to incorporate regulatory changes by a cluster RCRA program. Of these States, only Tennessee,
deadline and to apply for authorization within a South Carolina, Washington, Kentucky, Colorado,
specified timeframe after a cluster of rules is Georgia, Utah, Minnesota, and Ohio have received
promulgated by EPA. A State with base authoriza- authorization for mixed waste. These nine States are
tion that fails to adopt the necessary statutory responsible for regulating the generation, treatment,
authorities and equivalent regulations in a timely storage, and disposal of mixed waste within their
fashion runs the risk of having EPA withdraw the borders. In the remaining 36 States which have base
entire RCRA program authorization. authorization but are not currently authorized to
regulate mixed waste, mixed waste is not subject to
regulation as a hazardous waste under RCRA and is
State Authorization for Mixed Waste regulated as a hazardous waste only if the State has
Under EPA’s approach, the authority to regulate adopted specific mixed waste statutes and regula-
the hazardous component of mixed waste is included tions or is regulating the material under some other
in the non-HSWA Cluster III. The July 3. 1986. State statute or regulation. In the six unauthorized
Federal Register notice required a State with base States and territories, EPA administers the RCRA
program authorization to revise its program if program, including regulation of mixed waste.
66 ● Partnerships Under pressure: Managing Commercial Low-Level Radioactive Waste

Clarification of Interim Status Requirements mixed waste authorization. However, once author-
for Mixed LLW Treatment, Storage, ized, a State may select an earlier “in existence”
date on which to base interim status qualifications.
or Disposal Facilities For example, a State might choose to select an earlier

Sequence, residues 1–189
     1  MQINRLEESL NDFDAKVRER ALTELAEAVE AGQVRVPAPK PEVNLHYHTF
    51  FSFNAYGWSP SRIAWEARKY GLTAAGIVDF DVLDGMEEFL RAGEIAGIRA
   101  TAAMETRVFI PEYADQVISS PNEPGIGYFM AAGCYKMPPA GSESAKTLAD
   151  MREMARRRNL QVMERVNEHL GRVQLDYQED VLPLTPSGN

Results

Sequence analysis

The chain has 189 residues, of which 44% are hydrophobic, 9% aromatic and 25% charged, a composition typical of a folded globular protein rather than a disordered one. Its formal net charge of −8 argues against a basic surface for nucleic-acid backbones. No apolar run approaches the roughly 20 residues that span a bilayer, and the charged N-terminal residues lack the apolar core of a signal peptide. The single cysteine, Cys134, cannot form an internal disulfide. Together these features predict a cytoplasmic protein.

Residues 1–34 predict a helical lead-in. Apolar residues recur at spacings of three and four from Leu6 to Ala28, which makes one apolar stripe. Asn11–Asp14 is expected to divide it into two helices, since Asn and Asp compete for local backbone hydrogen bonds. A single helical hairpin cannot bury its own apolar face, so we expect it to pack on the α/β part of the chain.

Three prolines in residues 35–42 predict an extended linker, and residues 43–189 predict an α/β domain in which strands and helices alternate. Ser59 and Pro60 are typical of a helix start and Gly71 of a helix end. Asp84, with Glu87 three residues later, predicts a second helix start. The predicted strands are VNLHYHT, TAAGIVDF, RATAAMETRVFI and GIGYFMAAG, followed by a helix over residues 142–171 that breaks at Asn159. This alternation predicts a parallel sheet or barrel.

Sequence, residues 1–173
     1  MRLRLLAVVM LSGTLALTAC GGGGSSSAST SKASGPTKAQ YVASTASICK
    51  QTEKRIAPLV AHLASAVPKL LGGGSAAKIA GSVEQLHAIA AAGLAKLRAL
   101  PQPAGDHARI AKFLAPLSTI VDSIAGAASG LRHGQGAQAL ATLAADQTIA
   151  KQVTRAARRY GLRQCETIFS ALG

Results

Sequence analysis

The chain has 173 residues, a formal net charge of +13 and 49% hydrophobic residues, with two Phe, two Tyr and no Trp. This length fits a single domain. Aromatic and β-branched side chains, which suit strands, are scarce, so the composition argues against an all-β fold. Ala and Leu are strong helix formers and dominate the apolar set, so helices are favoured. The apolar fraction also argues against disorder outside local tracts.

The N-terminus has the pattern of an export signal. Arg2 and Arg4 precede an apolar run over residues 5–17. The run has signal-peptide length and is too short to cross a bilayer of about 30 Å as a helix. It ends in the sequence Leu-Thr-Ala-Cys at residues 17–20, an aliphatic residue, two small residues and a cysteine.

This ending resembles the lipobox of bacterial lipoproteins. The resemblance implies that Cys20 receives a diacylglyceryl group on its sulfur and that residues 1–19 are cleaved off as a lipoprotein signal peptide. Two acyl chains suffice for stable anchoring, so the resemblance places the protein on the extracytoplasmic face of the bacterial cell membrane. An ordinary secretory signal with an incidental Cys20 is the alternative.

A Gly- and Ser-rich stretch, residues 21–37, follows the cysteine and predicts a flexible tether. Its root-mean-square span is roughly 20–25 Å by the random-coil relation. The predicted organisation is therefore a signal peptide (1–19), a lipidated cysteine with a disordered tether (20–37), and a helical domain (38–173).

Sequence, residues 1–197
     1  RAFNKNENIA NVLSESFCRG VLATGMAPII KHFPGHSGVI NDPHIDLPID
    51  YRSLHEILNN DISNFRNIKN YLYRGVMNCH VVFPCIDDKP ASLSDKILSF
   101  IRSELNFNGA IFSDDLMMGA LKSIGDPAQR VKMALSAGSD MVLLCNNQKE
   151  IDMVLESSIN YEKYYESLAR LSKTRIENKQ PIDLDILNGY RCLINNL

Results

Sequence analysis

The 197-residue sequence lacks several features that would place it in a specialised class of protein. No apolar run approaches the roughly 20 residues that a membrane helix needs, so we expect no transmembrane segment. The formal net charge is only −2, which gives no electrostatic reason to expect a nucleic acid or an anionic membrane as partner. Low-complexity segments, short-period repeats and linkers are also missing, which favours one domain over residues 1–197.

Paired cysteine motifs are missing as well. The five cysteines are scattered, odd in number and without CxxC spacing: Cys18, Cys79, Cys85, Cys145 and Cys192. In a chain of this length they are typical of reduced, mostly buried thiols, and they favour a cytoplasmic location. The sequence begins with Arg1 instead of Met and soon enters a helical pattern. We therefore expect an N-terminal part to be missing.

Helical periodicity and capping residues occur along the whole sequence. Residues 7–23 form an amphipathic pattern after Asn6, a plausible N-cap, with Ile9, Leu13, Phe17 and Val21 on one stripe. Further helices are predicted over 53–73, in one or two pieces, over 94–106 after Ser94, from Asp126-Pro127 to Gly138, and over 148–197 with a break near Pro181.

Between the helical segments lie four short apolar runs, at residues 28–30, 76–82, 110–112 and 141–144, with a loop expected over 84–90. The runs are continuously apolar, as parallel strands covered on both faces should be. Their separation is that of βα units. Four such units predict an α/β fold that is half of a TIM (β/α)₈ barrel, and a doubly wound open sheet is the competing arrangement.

Under RCRA regulations, hazardous waste TSDFs date to prevent facilities from obtaining interim
in existence prior to November 19, 1980--or in status because these facilities were not in existence
existence prior to the effective date of statutory or as of the earlier date. As a result, facilities in this
regulatory changes that bring the facility under situation would have to cease operations until a final
RCRA regulation—are eligible for interim status. permit was obtained and would not be allowed to
Interim status allows a TSDF to operate without a operate under less stringent interim status require-
final permit under regulations found in 40 CFR Part ments. However, as a practical matter, the nine
265 until EPA or an authorized State makes a formal States that have already received mixed waste
decision to issue or deny the final TSDF permit. To authorization have not chosen earlier in existence’
be eligible for interim status, the owner or operator dates.
of a TSDF that meets the ‘‘in existence’ require- In a State with base authorization, TSDFs han-
ments mentioned above must comply with the dling mixed LLW that have already obtained interim
notification requirements of Section 3010 of RCRA status under RCRA because they handle other
and must submit a RCRA Part A permit application RCRA hazardous waste, will be required to submit
pursuant to 40 CFR Part 270.70. Without interim a revised Part A permit application reflecting their
status, hazardous waste activities at existing facili- mixed LLW activities within 6 months of the State’s
ties must cease until a final permit is issued, which receipt of mixed waste authorization.
in some cases might take several years.
The owners and operators of the three existing
On September 23, 1988, EPA issued a Federal commercial LLW disposal facilities have decided
Register notice to clarify interim status qualification not to apply for RCRA permits to dispose of mixed
requirements for TSDFs handling mixed waste. In LLW or for interim status under RCRA. As a result,
this notice, EPA determined that TSDFs handling these facilities are no longer allowed to receive
mixed waste in an unauthorized State had to be in mixed LLW, and mixed LLW generators are pres-
existence or under construction as of July 3, 1986, to ently without available disposal capacity. If these
be eligible for interim status. This “in existence” three facilities were to apply for RCRA disposal